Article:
You can use the links in a LAG as ingress or egress interfaces in Express Path mode. The LAG links can include links from cards such as IOC2 or IOC3. For a LAG link to qualify for Express Path, all its member links should be connected to Express Path-enabled network processors. If Express Path is disabled on any of the member links in a LAG, a regular session (non-Express Path session) is created.

Example: Configuring LAG Interface on an Line Device with IOC2 or IOC3

Starting in Junos OS Release 15.15X49-D40, IEEE 802.3ad link aggregation enables you to group Ethernet interfaces to form a single, aggregated Ethernet interface. This single, aggregated Ethernet interface is also known as a LAG or bundle. The LACP provides additional functionality for LAGs.

This example shows how to configure LAG on an SRX Series device using the links from either IOC2 or IOC3 in Express Path mode.

Requirements

This example uses the following software and hardware components:

  • Junos OS Release 15.1X49-D40 or later for SRX Series devices.

  • SRX5800 with IOC2 or IOC3 with Express Path enabled on IOC2 and IOC3. For details, see Express Path.

Overview

In this example, you create a logical aggregated Ethernet interface and define the parameters associated with the logical aggregated Ethernet interface, such as a logical unit, interface properties, and LACP. Next, define the member links to be contained within the aggregated Ethernet interface—for example, four 10-Gigabit Ethernet interfaces. Finally, configure an LACP for link detection.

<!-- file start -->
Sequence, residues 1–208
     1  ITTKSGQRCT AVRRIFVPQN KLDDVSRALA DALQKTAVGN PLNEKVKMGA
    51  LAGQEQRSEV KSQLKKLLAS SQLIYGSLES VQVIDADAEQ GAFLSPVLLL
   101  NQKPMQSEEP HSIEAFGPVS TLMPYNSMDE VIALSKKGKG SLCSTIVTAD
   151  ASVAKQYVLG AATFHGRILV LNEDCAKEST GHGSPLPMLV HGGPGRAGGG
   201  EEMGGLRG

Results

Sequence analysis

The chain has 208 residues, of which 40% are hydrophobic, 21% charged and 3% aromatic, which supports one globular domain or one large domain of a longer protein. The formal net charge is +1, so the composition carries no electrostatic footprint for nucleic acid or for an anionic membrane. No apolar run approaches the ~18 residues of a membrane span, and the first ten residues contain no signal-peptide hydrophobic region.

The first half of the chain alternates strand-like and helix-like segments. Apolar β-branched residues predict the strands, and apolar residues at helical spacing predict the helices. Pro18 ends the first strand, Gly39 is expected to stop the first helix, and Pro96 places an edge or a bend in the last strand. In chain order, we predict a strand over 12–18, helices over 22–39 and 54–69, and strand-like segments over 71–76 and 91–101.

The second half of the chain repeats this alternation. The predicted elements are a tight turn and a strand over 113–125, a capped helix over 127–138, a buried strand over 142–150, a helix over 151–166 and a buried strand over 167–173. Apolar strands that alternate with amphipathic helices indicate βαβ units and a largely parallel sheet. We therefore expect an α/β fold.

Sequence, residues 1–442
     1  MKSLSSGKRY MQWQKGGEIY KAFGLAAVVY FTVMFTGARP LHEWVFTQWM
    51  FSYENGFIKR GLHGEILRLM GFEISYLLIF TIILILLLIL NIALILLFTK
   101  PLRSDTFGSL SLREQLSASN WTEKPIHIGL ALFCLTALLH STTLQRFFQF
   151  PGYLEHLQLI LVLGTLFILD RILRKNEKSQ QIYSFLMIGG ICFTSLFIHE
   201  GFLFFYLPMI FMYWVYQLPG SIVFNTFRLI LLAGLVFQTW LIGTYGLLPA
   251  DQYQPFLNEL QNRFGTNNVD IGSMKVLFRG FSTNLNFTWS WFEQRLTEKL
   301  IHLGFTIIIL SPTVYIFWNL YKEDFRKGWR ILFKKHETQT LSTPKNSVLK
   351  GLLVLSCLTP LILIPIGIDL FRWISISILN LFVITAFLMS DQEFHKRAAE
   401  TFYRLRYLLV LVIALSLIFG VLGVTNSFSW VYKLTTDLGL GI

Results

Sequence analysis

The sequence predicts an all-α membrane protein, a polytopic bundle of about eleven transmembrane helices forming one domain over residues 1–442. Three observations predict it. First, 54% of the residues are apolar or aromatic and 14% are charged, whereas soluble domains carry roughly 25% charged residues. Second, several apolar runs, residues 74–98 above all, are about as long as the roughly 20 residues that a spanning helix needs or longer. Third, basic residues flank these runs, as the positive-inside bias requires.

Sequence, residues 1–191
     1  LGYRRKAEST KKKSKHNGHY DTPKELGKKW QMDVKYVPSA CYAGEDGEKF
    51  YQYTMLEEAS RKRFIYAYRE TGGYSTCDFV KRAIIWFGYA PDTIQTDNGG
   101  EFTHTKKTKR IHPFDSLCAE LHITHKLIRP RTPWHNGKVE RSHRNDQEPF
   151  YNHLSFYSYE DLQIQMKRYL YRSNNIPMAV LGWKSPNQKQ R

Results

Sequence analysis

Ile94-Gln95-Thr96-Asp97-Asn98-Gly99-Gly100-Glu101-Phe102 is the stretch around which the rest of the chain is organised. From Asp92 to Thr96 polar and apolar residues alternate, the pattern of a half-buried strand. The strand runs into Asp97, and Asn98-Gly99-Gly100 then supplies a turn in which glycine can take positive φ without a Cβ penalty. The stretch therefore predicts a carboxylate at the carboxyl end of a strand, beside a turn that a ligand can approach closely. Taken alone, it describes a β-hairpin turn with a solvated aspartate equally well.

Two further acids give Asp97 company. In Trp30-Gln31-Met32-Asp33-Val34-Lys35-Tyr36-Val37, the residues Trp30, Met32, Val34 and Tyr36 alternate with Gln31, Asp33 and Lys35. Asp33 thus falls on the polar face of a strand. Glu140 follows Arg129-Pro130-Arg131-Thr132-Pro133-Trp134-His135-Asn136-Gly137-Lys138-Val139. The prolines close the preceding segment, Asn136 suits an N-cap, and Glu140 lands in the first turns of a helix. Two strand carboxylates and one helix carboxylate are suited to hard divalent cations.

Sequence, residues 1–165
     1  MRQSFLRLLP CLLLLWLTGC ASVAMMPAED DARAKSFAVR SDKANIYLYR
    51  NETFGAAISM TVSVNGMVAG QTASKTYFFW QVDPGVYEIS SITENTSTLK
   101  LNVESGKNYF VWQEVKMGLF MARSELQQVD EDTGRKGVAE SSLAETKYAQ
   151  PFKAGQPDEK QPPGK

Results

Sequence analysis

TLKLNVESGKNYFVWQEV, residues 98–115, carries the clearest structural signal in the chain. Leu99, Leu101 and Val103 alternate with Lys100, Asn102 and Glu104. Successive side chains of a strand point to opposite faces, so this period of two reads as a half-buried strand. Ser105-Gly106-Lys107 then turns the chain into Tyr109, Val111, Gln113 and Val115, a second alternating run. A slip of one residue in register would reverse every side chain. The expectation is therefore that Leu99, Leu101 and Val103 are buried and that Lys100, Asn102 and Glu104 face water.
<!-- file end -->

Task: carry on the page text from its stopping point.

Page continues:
The following member links are used in this example:

  • xe-0/0/8

  • xe-0/0/9

  • xe-1/0/8

  • xe-1/0/9

  • xe-3/1/4

  • xe-3/1/5

  • xe-5/1/4

  • xe-5/1/5

Configuration

CLI Quick Configuration

To quickly configure this example, copy the following commands, paste them into a text file, remove any line breaks, change any details necessary to match your network configuration, delete, and then copy and paste the commands into the CLI at the [edit] hierarchy level, and then enter commit from configuration mode.

Step-by-Step Procedure

The following example requires you to navigate various levels in the configuration hierarchy. For instructions on how to do that, see the Junos OS CLI User Guide.

To configure LAG Interfaces:

  1. Specify the number of aggregated Ethernet interfaces to be created.
  2. Specify the members to be included within the aggregated Ethernet bundle.
  3. Assign an IP address to ae0 and ae1.
  4. Set the LACP on reth0.

Results

From configuration mode, confirm your configuration by entering the show interfaces command. If the output does not display the intended configuration, repeat the configuration instructions in this example to correct it.

If you are done configuring the device, enter commit from configuration mode.

Verification

Verifying LACP on Redundant Ethernet Interfaces

Purpose

Display LACP status information for redundant Ethernet interfaces.

Action

From operational mode, enter the show lacp interfaces command to check that LACP has been enabled as active on one end.

user@host> show lacp interfaces

The output indicates that LACP has been set up correctly and is active at one end.

Release History Table
Release
Description
Starting in Junos OS Release 15.1X49-D40, the IOC2 and IOC3 cards on SRX5400, SRX5600, and SRX5800 devices support link aggregation groups (LAGs) and Link Aggregation Control Protocol (LACP) in Express Path mode.
Starting in Junos OS Release 15.15X49-D40, IEEE 802.3ad link aggregation enables you to group Ethernet interfaces to form a single, aggregated Ethernet interface.